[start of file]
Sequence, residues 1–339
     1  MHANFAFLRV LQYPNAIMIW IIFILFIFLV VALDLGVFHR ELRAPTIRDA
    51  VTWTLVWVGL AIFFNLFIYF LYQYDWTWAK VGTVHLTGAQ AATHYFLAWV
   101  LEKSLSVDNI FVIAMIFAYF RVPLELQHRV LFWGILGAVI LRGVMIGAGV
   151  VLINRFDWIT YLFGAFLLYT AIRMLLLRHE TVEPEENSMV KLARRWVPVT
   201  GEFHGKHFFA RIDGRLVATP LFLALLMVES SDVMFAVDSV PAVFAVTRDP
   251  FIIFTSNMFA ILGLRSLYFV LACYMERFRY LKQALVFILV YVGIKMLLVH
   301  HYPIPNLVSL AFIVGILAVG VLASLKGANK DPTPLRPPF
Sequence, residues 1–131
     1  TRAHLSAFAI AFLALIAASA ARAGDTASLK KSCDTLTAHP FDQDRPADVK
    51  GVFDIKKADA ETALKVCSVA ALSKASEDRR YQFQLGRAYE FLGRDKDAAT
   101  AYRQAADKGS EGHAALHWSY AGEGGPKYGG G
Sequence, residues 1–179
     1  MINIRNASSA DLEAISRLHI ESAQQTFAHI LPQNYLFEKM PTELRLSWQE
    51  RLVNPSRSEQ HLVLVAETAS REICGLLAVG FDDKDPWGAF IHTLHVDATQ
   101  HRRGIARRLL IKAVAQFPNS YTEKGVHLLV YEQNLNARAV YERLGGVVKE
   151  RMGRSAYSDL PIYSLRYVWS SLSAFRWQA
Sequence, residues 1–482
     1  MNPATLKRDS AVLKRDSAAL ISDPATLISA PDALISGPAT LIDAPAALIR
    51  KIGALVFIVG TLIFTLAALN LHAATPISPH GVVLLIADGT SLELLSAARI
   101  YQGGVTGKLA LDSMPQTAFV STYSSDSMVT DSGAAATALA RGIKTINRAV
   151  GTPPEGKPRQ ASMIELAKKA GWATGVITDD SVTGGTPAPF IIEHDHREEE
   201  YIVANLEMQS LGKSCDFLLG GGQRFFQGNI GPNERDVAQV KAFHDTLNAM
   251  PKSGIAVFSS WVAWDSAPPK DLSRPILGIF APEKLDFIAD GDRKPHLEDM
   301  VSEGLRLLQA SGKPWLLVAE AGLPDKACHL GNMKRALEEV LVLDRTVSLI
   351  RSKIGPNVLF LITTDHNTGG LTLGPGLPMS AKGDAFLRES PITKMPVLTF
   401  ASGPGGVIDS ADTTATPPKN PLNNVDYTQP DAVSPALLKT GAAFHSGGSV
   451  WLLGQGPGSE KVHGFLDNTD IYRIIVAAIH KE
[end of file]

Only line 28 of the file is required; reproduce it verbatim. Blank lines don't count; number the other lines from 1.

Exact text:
   451  WLLGQGPGSE KVHGFLDNTD IYRIIVAAIH KE